Click here to Skip to main content
13,900,817 members
Click here to Skip to main content
Add your own
alternative version

Tagged as

Stats

841 views
Posted 14 Mar 2019
Licenced MIT

Bit Fields and Race Conditions

, 14 Mar 2019
Rate this:
Please Sign up or sign in to vote.
Bit fields and race conditions

The following program, despite looking correct, is a race condition and has unpredictable behaviour:

#include <iostream>
#include <mutex>
#include <thread>
using namespace std;

const int COUNT = 10'000'000;

mutex aLock;
mutex bLock;

struct S
{
	unsigned int a:9;
	unsigned int b:7;
} __attribute__((packed));

int main(int argc, char** argv)
{
	S s{};

	thread t1([&]() {
		scoped_lock lock(aLock);
		for(int i = 0; i < COUNT; ++i)
		{
			s.a = 0;
			s.a = 0b111111111;
		}
	});

	thread t2([&]() {
		scoped_lock lock(bLock);
		for(int i = 0; i < COUNT; ++i)
		{
			s.b = 0;
			s.b = 0b1111111;
		}
	});

	t1.join();
	t2.join();

	cout << "sizeof(S) = " << sizeof(S) << ", " << s.a << ", " << s.b << endl;

	return 1;
}

The proof is in the output of running this code several times:

sizeof(S) = 2, 511, 127
sizeof(S) = 2, 511, 127
sizeof(S) = 2, 0, 127
sizeof(S) = 2, 511, 0
sizeof(S) = 2, 511, 127
sizeof(S) = 2, 511, 127
sizeof(S) = 2, 511, 127
sizeof(S) = 2, 0, 127
sizeof(S) = 2, 0, 127
sizeof(S) = 2, 511, 127

The race condition and the problem here is that the C++ standard states that adjacent bit fields are a single object in memory and may be packed to share the same byte. The CPU cannot operate on single bits, it must load at least 1 byte at a time, and because of the overlap, loading bits of a also loads the bits of b. So the write to bit field a, even though protected with its own mutex, also overwrites the value of b. And vice versa.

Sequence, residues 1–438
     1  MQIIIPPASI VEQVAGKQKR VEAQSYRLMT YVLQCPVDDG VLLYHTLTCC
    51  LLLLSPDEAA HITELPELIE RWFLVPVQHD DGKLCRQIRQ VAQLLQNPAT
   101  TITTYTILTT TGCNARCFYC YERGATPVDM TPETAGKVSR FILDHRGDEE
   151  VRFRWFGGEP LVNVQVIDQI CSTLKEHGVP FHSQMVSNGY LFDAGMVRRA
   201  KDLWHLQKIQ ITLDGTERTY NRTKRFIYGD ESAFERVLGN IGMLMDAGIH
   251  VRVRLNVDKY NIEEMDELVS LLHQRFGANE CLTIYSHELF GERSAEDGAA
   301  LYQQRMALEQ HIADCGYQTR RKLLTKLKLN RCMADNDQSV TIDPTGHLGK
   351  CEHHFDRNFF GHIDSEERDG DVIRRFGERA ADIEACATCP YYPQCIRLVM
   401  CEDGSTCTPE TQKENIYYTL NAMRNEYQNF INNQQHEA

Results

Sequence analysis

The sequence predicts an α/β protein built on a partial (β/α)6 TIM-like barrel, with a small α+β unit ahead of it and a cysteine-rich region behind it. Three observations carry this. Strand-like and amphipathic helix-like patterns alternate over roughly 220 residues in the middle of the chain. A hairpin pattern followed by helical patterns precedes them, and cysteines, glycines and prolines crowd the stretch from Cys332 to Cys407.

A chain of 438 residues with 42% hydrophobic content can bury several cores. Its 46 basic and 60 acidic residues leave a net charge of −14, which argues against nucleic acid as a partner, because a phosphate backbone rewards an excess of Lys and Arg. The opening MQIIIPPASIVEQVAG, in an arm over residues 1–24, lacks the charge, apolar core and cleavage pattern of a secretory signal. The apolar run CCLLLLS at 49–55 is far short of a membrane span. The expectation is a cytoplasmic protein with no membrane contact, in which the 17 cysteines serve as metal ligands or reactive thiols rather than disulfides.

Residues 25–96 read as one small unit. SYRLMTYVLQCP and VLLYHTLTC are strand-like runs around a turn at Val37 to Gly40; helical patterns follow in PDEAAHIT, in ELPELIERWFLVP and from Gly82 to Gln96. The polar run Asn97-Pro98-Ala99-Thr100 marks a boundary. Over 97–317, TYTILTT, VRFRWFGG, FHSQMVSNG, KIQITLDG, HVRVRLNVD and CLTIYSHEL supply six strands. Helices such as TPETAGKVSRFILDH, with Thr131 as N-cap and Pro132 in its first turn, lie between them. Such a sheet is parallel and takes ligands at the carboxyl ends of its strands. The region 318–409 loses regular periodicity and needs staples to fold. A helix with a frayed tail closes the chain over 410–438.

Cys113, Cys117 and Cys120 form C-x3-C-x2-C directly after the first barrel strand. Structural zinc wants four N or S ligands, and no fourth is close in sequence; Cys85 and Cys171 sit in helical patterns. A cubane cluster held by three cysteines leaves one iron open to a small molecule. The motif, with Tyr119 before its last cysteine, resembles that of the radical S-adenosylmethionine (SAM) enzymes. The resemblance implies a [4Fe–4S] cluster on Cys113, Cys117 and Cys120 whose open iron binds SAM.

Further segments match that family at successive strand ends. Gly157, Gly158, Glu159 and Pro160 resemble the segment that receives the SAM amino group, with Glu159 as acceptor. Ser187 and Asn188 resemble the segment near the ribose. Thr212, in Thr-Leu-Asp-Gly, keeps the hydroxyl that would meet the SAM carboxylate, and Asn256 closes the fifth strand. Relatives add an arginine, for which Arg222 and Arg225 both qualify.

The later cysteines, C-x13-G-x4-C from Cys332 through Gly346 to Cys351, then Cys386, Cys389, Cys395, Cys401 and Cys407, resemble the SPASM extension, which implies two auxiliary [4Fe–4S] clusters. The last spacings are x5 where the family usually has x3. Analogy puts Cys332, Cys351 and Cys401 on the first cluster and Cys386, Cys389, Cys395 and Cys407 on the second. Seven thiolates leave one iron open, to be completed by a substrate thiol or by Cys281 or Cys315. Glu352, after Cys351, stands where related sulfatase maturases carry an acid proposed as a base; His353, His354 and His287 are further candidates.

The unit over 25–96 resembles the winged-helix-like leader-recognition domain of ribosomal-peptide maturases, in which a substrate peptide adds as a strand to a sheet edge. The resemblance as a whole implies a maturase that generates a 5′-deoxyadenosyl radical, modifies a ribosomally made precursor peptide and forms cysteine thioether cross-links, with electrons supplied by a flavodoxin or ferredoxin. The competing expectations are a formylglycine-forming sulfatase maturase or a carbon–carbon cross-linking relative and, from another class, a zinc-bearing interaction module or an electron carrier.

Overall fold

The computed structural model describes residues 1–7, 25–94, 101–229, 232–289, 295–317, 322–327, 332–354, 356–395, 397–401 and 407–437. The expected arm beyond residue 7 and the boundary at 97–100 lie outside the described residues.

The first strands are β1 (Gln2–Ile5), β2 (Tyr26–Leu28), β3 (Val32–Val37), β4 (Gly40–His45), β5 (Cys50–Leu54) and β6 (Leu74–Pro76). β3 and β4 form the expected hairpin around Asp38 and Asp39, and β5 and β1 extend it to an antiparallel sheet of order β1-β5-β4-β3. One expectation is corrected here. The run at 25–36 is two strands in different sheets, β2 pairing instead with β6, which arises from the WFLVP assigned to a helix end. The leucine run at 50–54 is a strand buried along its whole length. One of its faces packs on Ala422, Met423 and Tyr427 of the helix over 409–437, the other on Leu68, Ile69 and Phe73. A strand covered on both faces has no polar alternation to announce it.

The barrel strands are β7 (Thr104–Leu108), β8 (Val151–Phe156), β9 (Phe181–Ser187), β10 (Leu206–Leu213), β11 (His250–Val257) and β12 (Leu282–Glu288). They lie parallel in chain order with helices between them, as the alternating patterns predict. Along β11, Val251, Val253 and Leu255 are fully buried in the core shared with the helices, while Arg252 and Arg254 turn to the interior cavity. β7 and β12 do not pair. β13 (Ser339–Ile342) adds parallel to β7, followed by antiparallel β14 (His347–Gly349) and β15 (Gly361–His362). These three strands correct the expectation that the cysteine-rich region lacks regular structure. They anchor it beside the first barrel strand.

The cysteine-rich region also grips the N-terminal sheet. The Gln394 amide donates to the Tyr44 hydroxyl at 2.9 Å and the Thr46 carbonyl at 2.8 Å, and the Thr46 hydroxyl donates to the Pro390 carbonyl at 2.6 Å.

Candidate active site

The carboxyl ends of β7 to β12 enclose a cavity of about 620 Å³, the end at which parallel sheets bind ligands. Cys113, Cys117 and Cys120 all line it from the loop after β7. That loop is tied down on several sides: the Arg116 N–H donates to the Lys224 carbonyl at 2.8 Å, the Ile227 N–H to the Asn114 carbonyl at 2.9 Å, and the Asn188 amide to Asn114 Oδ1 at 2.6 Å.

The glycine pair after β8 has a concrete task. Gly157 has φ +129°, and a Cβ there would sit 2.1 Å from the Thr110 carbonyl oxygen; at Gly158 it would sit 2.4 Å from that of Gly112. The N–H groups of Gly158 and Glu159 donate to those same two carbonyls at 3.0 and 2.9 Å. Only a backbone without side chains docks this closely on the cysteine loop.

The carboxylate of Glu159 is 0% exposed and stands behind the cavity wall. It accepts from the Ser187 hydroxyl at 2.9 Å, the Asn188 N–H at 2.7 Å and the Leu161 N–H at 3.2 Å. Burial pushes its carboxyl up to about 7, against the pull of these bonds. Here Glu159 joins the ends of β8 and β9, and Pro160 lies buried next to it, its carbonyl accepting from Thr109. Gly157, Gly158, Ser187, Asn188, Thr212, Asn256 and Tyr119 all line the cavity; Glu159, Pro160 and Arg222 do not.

The fix is to use one mutex to protect all adjacent bit fields. I say all because you have no guarantee that the CPU will be able to load 1 byte at a time. It may be limited to working on 32-bit values at a time; depending on the architecture.

Corrected Program

#include <iostream>
#include <mutex>
#include <thread>
using namespace std;

const int COUNT = 10'000'000;

mutex abLock;

struct S
{
	unsigned int a:9;
	unsigned int b:7;
} __attribute__((packed));

int main(int argc, char** argv)
{
	S s{};

	thread t1([&]() {
		scoped_lock lock(abLock);
		for(int i = 0; i < COUNT; ++i)
		{
			s.a = 0;
			s.a = 0b111111111;
		}
	});

	thread t2([&]() {
		scoped_lock lock(abLock);
		for(int i = 0; i < COUNT; ++i)
		{
			s.b = 0;
			s.b = 0b1111111;
		}
	});

	t1.join();
	t2.join();

	cout << "sizeof(S) = " << sizeof(S) << ", " << s.a << ", " << s.b << endl;

	return 1;
}

License

This article, along with any associated source code and files, is licensed under The MIT License

Share

About the Author

Martin Vorbrodt
Software Developer (Senior)
United States United States
No Biography provided

You may also be interested in...

Comments and Discussions

 
QuestionPlease add more explanation and commentary Pin
Mike Diack15-Mar-19 3:12
memberMike Diack15-Mar-19 3:12 
Generalformatting Pin
Stefan_Lang15-Mar-19 1:05
memberStefan_Lang15-Mar-19 1:05 

General General    News News    Suggestion Suggestion    Question Question    Bug Bug    Answer Answer    Joke Joke    Praise Praise    Rant Rant    Admin Admin   

Use Ctrl+Left/Right to switch messages, Ctrl+Up/Down to switch threads, Ctrl+Shift+Left/Right to switch pages.

Permalink | Advertise | Privacy | Cookies | Terms of Use | Mobile
Web06 | 2.8.190306.1 | Last Updated 15 Mar 2019
Article Copyright 2019 by Martin Vorbrodt
Everything else Copyright © CodeProject, 1999-2019
Layout: fixed | fluid